Okay this is a funny story.  When I get to the surgeon office he starts explaining inguinal hernias in super simple terms like bike tires... so I interrupt him and say if he is planning on using the TAPP, PEP, or open technique.

He immediately recognizes that I did my homework and says that it was going to be an open procedure.  I told him I wanted TAPP instead because I like to bike and run.  He called me an exercise junky and agreed to do the laparoscopic TAPP instead of the open - it reduced recovery time by 4 to 6 weeks because I knew my stuff.  Cost is no factor in Canada - I paid exactly zero out of pocket for that laparoscopic repair.

Anyways, the funny part was I went to a university hospital doctor -and therefore he teaches students- so right after he is done talking with me he asks if his student can repeat the whole process with me; I like to think of myself of a man of science so I surrender myself as a lab rat thinking some dorky med student is about to come in the door.

No, Instead this drop-dead gorgeous young woman walks in!  I'm like cool, I can handle her just grabbing my junk for a cough or two - which she did - and it was no problem.  I was glad that was over.... but no.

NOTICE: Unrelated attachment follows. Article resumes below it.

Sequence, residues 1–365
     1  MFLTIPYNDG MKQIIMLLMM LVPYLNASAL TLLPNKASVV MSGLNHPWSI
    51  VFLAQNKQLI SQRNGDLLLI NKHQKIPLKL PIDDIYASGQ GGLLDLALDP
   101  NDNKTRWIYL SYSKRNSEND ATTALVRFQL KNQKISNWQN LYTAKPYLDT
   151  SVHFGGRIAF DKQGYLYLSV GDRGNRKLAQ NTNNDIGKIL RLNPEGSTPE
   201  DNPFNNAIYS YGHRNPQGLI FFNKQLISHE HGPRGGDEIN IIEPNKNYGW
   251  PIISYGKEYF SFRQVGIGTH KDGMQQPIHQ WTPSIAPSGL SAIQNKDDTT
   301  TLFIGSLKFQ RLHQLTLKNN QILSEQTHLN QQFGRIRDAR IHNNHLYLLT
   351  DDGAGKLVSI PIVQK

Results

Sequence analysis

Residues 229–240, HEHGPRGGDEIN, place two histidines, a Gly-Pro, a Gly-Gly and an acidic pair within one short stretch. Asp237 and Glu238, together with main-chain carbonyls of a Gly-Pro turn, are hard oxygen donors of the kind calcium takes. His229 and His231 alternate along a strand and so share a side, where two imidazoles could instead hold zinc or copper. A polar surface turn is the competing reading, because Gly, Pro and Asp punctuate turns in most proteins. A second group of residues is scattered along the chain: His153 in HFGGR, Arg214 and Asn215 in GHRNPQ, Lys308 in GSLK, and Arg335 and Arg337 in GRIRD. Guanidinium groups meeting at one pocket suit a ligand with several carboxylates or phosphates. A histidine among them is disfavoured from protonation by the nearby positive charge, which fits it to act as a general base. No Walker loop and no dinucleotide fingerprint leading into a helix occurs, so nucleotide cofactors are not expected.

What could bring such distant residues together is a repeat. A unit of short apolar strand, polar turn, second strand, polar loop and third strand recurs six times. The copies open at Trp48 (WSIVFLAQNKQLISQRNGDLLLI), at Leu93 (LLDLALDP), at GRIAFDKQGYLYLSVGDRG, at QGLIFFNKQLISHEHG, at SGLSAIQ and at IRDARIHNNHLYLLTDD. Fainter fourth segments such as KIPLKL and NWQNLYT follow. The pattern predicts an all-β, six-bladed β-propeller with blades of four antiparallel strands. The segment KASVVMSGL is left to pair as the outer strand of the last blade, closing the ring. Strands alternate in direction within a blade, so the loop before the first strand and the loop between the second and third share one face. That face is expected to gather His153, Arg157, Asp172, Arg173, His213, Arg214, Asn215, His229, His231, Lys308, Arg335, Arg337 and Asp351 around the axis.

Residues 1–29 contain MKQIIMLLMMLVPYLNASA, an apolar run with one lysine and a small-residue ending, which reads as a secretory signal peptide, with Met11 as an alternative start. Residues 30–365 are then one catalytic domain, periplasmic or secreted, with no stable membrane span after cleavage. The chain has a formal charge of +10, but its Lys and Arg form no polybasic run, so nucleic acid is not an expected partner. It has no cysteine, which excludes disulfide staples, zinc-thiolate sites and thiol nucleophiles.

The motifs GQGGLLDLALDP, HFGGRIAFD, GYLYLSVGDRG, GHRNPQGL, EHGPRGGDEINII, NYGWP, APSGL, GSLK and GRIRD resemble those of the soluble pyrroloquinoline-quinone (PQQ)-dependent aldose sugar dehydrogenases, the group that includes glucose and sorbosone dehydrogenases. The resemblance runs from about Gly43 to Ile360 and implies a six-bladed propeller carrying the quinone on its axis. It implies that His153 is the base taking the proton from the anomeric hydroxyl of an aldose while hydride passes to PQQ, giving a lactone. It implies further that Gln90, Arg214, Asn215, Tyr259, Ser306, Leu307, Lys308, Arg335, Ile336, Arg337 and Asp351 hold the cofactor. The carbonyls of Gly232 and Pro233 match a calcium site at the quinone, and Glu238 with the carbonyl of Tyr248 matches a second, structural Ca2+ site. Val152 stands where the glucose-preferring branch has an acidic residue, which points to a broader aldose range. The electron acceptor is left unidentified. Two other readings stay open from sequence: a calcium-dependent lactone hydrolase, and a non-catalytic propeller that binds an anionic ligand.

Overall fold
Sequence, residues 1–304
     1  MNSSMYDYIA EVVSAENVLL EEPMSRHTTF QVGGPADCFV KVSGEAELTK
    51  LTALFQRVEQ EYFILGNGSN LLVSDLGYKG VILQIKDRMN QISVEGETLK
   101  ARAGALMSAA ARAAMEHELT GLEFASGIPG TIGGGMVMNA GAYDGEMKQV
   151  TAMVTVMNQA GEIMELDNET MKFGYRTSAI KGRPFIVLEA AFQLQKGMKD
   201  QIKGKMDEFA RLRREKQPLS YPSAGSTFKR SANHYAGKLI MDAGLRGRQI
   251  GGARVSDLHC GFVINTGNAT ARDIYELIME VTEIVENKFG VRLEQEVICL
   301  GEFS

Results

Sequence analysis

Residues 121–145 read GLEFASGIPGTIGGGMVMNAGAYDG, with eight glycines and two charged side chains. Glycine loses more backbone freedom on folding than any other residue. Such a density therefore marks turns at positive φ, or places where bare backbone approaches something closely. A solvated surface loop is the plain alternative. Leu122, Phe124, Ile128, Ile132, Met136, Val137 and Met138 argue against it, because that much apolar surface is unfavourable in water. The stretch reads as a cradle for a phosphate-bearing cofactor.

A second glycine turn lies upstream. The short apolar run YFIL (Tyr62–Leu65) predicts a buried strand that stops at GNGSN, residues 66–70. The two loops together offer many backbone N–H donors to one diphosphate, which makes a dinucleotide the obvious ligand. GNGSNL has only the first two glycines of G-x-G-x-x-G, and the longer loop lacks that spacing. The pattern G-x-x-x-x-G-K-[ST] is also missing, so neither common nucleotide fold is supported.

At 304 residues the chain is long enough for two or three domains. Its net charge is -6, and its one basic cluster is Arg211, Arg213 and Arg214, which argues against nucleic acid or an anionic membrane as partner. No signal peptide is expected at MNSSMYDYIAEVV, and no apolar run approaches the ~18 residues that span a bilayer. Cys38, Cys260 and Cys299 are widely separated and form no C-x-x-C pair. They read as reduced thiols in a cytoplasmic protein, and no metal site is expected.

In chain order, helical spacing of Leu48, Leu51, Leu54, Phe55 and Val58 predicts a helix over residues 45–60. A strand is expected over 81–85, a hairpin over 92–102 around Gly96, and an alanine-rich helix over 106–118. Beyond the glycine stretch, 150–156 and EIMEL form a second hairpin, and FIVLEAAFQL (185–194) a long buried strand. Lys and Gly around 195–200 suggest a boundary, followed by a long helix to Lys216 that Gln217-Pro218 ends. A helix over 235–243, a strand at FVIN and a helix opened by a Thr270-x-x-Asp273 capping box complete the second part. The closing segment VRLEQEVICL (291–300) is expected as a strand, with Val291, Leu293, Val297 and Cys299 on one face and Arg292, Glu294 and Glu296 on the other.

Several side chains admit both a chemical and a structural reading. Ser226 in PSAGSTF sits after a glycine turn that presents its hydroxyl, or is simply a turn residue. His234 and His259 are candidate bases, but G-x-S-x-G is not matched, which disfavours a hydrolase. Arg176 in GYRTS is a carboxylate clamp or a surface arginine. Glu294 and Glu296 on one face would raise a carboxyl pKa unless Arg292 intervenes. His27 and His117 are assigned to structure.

The surgeon says "did you feel the opening and see the bulge?" (referring to the hernia). "Kneel down and get a good look at it." 

I'm like are you fing kidding me? Sure enough this young Asian model doctor kneels down at my feet...

Edited by Enthalpic

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On ‎4‎/‎24‎/‎2019 at 3:38 PM, esgeo said:

I know y'all hate political correctness, but the verdict is still out on scientific correctness from my experience here. Anyhow, I thought you all should know that permafrost does not "melt" as it degrades, rather it "thaws" (see article below). I doubt this knowledge has much effect on your enjoyment of reveling in outrage on the subject, but thought you may appreciate being better informed of the physics of what is actually happening...

 

From EOS, V.91, n 9, p. 87, Mar. 2010

Why Permafrost Is Thawing, Not Melting